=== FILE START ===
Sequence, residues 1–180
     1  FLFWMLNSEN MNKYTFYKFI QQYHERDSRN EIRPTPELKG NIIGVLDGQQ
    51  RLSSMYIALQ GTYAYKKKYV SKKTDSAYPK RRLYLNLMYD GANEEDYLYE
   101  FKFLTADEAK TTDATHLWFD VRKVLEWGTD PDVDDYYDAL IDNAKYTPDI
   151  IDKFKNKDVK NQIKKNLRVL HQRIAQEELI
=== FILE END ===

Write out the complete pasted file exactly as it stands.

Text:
Sequence, residues 1–180
     1  FLFWMLNSEN MNKYTFYKFI QQYHERDSRN EIRPTPELKG NIIGVLDGQQ
    51  RLSSMYIALQ GTYAYKKKYV SKKTDSAYPK RRLYLNLMYD GANEEDYLYE
   101  FKFLTADEAK TTDATHLWFD VRKVLEWGTD PDVDDYYDAL IDNAKYTPDI
   151  IDKFKNKDVK NQIKKNLRVL HQRIAQEELI